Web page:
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05.20.12

Cory Booker on ‘Nauseating’ Attack Ads & More Sunday Talk (Video)

Attack ads nauseate Cory Booker, Pelosi predicts a dead-even election, and more.

Attack Ads Make Cory Booker Nauseous

Newark Mayor Cory Booker doesn’t have the stomach for politics. During an appearance on Meet the Press, the Obama surrogate passionately expressed his disapproval of both presidential campaigns using negative attack ads. “This kind of stuff is nauseating to me on both sides. It’s nauseating to the American public. Enough is enough,” Booker said. “Stop attacking private equity, stop attacking Jeremiah Wright, this stuff has got to stop.” Booker went on to call the campaign attacks a “distraction from real issues” and encouraged politicians to stop their bickering and get back to the topics Americans really care about. Right on!

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Boehner’s Got a Wheelbarrow Full of Frogs

After a National Journal article criticized John Boehner’s tenure as Speaker of the House, he sat down with This Week to set the record straight. “It’s hard to keep 218 frogs in a wheelbarrow long enough to get a bill passed,” Boehner said.  “If we weren’t trying to do big things on behalf of the country, my job would be a lot easier.” The Ohio congressman also shared his opinions about the presidential campaign and why Mitt Romney’s business experience makes him the right man for the White House. “His prescriptions for fixing our economy are a lot better than the president’s.”

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Pelosi on Election: ‘It Would Be Dead Even’

He said, she said. After John Boehner made his case for a Romney presidency, Nancy Pelosi was quick to back President Obama and his administration. “He has been a job creator from day one,” the ex-speaker said. “They [Republicans] have stood in the way of every job piece of legislation that would be significant.” When asked if the Democrats would win if the election were held today, the current House minority leader answered, “Yes I do,” before adding, “I think it would be dead even.”

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Axelrod on Romney’s Business Sense

A recent political ad from the Obama campaign calls Mitt Romney a “job destroyer” for his business practices while a partner at Bain Capital. On State of the Union, Obama adviser David Axelrod gave his justification for the spot. “[Romney] talks about being a businessman and hints that somehow the things he did there prepare him to lead the country and its economy,” Axelrod said. “The fact is that he wasn’t about job creation.”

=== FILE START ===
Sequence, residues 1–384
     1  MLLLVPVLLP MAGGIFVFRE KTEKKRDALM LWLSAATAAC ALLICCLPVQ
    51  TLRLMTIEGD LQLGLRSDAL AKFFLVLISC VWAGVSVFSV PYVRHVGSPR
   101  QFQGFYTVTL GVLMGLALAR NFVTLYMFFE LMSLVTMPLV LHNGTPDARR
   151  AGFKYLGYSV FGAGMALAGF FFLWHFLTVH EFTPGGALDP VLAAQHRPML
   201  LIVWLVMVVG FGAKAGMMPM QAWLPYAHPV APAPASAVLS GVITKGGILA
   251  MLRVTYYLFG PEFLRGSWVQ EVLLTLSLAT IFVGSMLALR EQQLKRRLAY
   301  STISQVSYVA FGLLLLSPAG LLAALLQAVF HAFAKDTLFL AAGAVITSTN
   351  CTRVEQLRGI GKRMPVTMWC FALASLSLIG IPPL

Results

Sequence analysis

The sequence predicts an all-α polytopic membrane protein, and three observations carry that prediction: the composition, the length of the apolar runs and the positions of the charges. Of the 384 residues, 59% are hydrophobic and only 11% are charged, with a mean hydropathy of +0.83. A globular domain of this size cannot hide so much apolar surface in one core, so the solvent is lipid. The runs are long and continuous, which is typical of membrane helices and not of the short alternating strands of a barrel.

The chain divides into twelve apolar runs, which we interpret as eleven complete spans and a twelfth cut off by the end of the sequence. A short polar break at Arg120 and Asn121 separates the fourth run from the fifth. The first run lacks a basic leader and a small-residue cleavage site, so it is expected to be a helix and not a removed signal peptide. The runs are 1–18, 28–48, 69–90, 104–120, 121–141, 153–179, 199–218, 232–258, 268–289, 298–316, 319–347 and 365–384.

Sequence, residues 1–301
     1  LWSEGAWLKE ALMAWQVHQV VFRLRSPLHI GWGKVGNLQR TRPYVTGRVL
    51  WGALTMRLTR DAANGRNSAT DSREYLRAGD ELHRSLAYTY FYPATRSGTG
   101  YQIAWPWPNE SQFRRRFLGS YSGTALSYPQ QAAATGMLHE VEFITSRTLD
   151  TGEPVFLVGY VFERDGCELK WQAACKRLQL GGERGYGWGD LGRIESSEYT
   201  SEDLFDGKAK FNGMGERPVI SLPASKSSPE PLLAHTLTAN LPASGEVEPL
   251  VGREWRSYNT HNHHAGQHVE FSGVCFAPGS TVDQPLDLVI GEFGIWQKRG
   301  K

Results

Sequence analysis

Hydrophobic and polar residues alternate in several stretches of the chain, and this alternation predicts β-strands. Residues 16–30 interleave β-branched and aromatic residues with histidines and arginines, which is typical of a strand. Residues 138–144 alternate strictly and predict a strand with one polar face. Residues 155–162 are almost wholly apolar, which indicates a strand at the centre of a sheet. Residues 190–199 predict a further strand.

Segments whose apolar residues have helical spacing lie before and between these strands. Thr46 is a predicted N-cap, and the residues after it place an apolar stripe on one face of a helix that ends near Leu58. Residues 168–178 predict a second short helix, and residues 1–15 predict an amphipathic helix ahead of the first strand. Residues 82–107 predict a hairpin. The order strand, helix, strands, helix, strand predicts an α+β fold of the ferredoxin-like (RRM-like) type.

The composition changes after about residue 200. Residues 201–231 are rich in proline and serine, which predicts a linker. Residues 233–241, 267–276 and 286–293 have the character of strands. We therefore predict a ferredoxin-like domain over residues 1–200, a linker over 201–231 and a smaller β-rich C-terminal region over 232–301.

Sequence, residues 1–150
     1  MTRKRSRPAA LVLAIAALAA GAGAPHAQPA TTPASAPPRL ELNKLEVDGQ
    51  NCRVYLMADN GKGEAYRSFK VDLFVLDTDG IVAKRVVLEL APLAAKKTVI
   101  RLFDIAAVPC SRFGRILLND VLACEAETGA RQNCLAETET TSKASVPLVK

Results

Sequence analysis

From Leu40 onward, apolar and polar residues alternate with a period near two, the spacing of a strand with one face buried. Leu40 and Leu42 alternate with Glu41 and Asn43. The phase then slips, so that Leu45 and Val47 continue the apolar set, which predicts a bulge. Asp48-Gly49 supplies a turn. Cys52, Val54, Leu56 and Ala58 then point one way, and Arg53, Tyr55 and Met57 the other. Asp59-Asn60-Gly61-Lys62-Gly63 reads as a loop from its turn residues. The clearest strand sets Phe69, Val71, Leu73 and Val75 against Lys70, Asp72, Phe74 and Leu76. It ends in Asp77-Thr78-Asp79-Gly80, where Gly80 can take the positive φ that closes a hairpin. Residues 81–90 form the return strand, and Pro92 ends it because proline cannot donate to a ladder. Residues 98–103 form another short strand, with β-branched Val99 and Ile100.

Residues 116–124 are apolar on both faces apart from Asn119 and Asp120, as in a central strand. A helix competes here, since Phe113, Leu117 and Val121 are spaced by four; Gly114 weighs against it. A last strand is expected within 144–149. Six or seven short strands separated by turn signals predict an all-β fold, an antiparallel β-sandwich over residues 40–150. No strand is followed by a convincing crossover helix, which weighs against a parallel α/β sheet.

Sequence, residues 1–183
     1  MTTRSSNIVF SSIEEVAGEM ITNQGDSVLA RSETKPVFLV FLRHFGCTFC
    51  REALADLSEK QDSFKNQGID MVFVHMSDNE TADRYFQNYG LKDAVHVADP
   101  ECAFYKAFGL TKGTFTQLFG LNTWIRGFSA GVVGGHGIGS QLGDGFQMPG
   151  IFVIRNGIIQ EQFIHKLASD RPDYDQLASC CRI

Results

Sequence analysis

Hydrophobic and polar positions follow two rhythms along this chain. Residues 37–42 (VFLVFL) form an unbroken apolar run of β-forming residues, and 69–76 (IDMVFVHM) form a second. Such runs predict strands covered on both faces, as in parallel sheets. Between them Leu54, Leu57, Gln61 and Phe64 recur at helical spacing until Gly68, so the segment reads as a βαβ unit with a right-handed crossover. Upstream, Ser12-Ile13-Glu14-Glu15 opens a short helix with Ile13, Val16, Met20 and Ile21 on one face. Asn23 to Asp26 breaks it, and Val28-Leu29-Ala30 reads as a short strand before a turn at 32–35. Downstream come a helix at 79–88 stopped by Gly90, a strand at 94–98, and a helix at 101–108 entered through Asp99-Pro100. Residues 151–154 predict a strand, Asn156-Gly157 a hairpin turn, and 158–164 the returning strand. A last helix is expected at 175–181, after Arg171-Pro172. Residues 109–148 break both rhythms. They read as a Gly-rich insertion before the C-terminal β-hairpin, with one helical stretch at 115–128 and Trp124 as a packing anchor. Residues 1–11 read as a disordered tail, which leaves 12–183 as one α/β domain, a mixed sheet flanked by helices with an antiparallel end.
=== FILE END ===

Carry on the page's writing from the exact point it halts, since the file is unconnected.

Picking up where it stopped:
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Ryan: Romney Will ‘Reignite’ America

There’s no argument that Mitt Romney was a successful businessman. However, there is much debate over his success as a politician. When Romney was governor of Massachusetts, the state ranked 47th in unemployment. Nevertheless, Paul Ryan defended Romney’s record on Fox News Sunday, citing the 40,000 jobs Romney added toward the end his term. “What we saw in Mitt Romney’s tenure as governor [is] job creation, economic growth, lower unemployment.” Ryan said. “We believe in reigniting the American ideal of an opportunity society.”

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McConnell to Obama: ‘Be an Adult’

Raise the roof—again! House Speaker John Boehner recently proposed raising the debt limit before the November elections. On Face the Nation, Senate Minority leader Mitch McConnell responded to Boehner’s suggestion and urged President Obama to get tough about debt. “At some point here, this president needs to become the adult,” McConnell said. “The Speaker and I have been the adults in the room arguing that we ought to do something about the nation’s most serious long-term problem.” When asked if the debt debate should happen before the election, McConnell replied, “We assume that will happen at the end of the year, early next year.”

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Is the Media Obsessed with Romney’s Religion?

Mitt Romney could be America’s first Mormon president—a fact that the media isn’t going to let voter forget any time soon. On Reliable Sources the panel discussed religion and the role it will play during the election. According to Newsweek & The Daily Beast’s John Avlon, the topic of religion is crucial to discuss, but should be approached with caution. “Traditionally whenever faith has entered conversations in politics it’s been at the hands of bigots who want to tear people down,” Avlon said. “So it’s a delicate subject, but it’s an important subject.”

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